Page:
A new Human Rights Commission of Pakistan (HRCP) report notes that anti-state violence dipped below 2008 levels for the first time last year. This confirms Operation Zarb-e-Azb's success as a broad-range antibiotic but local law enforcement is still woefully under-resourced and far too politicized to effectively tackle militancy in urban areas. Islamabad's failure to kickstart the National Counter-Terrorism Authority (NACTA) has also drawn criticism from GHQ.
The chaos following Shahbaz Taseer's miraculous escape from captivity in Afghanistan flags a serious communication breakdown between Islamabad and its instruments of statecraft. Moreover, it spotlights the increasing futility of using the term "Afghan Taliban" to represent some centralized militant umbrella, as such a top-down model became obsolete after the US troop surge in 2010.
In a social order orbiting around material success, where everyone is competing for the same handful of topflight universities and corporations, male citizens latched onto makeup as a means to snake past the competition. Egged on by cultural pillars like K-Pop, the idea of emulating "flower boys" became "a marker of social success."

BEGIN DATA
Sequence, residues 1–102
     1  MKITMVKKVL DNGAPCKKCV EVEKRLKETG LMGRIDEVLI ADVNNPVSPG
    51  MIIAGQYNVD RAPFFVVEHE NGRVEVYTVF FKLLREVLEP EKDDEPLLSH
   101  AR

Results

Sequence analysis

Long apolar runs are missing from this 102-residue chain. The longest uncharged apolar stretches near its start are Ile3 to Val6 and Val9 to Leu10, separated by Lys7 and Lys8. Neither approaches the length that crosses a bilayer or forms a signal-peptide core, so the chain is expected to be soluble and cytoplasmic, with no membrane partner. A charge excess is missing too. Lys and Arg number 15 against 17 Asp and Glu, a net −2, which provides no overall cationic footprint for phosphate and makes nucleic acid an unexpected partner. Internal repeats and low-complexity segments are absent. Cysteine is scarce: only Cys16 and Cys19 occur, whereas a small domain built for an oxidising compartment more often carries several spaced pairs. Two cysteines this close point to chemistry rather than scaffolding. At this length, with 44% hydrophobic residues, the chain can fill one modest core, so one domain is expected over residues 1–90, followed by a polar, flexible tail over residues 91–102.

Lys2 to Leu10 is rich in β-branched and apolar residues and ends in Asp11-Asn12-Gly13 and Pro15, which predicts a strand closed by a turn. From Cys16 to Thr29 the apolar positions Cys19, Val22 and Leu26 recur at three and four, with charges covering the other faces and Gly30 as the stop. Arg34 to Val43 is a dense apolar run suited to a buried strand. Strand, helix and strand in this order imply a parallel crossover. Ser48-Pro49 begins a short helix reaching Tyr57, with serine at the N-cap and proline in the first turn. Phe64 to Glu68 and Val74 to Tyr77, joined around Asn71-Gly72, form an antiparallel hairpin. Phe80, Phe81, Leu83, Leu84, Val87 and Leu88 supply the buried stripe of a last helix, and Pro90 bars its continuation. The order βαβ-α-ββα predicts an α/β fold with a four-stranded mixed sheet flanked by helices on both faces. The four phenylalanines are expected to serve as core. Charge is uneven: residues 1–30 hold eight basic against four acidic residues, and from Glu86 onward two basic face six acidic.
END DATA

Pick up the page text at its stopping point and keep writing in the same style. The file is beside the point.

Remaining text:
The ISIS analogy, to me, is where Gall's narrative creeps into foggy, conspiratorial territory because she offers no motive. Surely Gall remembers from her own book that Pakistan's geostrategy orbits around its seven-decades-old rivalry with India. Managing this relationship to Pakistan's advantage is the sole purpose of "strategic depth." If the "deep state" has ever sponsored Islamist groups outside of US diktats, it has been to counter India in Afghanistan and Kashmir.
Bureaucracies hate change, we know, but Japan's version fuses the country's old-school island mentality with paperwork-heavy "administrative guidance" to create a protectionist force field around its music industry. Not only are anti-piracy laws enforced with righteous zeal, but the ability to legally "rent" music CDs has made most wannabe pirates err on the side of honesty.